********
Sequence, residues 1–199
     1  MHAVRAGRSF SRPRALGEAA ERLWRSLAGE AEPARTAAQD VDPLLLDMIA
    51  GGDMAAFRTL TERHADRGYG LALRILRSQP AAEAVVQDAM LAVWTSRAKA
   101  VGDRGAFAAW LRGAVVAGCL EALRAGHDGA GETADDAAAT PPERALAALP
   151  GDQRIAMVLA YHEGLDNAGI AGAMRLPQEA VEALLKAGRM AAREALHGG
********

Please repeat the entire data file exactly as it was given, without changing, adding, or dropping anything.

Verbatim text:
Sequence, residues 1–199
     1  MHAVRAGRSF SRPRALGEAA ERLWRSLAGE AEPARTAAQD VDPLLLDMIA
    51  GGDMAAFRTL TERHADRGYG LALRILRSQP AAEAVVQDAM LAVWTSRAKA
   101  VGDRGAFAAW LRGAVVAGCL EALRAGHDGA GETADDAAAT PPERALAALP
   151  GDQRIAMVLA YHEGLDNAGI AGAMRLPQEA VEALLKAGRM AAREALHGG